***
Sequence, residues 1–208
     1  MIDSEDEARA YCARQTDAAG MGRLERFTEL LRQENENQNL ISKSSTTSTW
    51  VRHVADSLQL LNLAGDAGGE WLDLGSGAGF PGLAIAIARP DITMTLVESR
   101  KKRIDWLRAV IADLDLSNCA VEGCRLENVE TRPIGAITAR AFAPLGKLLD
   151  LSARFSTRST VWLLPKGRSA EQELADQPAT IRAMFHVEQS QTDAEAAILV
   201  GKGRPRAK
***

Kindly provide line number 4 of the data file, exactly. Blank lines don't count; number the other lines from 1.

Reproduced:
   101  KKRIDWLRAV IADLDLSNCA VEGCRLENVE TRPIGAITAR AFAPLGKLLD